Bernard or Bernhard de Saint Quentin (d'Herstal), Abby of von St. Quentin, Abbot of St. Quentin (c.720-787) was a son of Charles Martel by his mistress Ruodhaid.


Bernard was a half Brother of the Frankish King Pepin the Short, and uncle to Charlemagne. He was brother to Hieronymus and Remigius of Rouen. Although they were all denied any claim in the legacy of their father, they were raised at court and accorded various honors. Medievalist Donald C. Jackman suggests that Bernhard's and Charlemagne's mothers may have been closely related.[1]

In 760, he and his two brothers (Hieronymus and Remigius) went to Italy on behalf of their half-brother Pepin to mediate between Pope Paul I and Desiderius. They convinced Desiderius to return some of the cities he captured back to the papacy, but the Lombard king did not follow through on his promises.[2]

In 773 Bernhard led half of the Frankish army in his nephew Charlemagne's Lombard campaign. While Charlemagne led his contingent through the pass of Moncenisio, Bernard led his through the Great St. Bernard Pass.[3][4] He then participated in the Siege of Pavia. Bernard was prominent in the reign of Charlemagne's son Louis the Pious.


According to Paschasius Radbertus, Bernard married first a Frankish woman who bore him:

He later married the Anglo Saxon Woman They had two sons and two daughters.

Louis the Pious grew concerned regarding the power and influence bestowed on his cousins by his father, and shortly after being crowned Adalard was exiled to St. Philibert on Noirmoutier, (but later reinstated at court); Count Wala was forced to separate from his wife and take his brother's place at Corbie (also later reinstated); Bernhard was exiled to Lérins; and Gundrada was sent from court. Only Theodrada, the widow of Theodoric, Duke of the Riparuarii was left undisturbed.[6]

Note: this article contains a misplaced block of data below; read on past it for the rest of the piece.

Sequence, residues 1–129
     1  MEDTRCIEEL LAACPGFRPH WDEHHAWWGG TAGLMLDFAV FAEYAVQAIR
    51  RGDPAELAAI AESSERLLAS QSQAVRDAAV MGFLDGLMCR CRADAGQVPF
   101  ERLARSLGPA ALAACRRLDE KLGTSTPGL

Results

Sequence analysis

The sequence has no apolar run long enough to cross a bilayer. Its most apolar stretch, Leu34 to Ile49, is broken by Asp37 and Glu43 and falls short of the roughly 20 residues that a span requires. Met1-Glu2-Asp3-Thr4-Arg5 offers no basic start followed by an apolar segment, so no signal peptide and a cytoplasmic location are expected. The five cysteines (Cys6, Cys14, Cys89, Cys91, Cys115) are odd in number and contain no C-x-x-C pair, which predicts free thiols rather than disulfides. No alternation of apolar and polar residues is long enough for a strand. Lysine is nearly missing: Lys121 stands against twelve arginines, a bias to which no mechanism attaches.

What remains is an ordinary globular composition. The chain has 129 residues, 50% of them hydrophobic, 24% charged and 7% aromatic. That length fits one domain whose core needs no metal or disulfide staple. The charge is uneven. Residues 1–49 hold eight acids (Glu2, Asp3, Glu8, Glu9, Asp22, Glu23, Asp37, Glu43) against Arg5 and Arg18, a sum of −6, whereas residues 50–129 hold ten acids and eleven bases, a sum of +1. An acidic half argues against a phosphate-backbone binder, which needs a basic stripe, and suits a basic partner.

Sabine Baring-Gould says Bernard was the grandfather of saint Ida of Herzfeld through his daughter Theodrada.[7]



  1. ^ Jackman, Donald C.. Three Bernards Sent South to Govern United States, Editions Enlaplage, 2015. p. 8 ISBN 9781936466115
  2. ^ Frassetto, Michael (2003). Encyclopedia of Barbarian Europe: Society in Transformation. Santa Barbara, CA: ABC-CLIO. p.142 ISBN 978-1-57607-263-9
  3. ^ Mombert, Jacob Isidor. A History of Charles the Great, D. Appleton, 1888, p.90
  4. ^ Becher, Matthias. Charlemagne United Kingdom, Yale University Press, 2003. p. 55 ISBN 9780300107586
  5. ^ Confronting Crisis in the Carolingian Empire: Paschasius Radbertus' Funeral Oration for Wala of Corbie (Justin Lake, Mayke de Jong, eds.) United Kingdom, Manchester University Press, 2020. p.17 ISBN 9781526134837
  6. ^ Sismondi, Jean-Charles-Léonard Simonde. The French Under the Merovingians United Kingdom, W. & T. Piper, 1850. p. 285 Public Domain This article incorporates text from this source, which is in the public domain.
  7. ^ Bring-Gould, Sabine. "S. Ida, W.", The Lives of the Saints, J. Hodges, 1882, p.50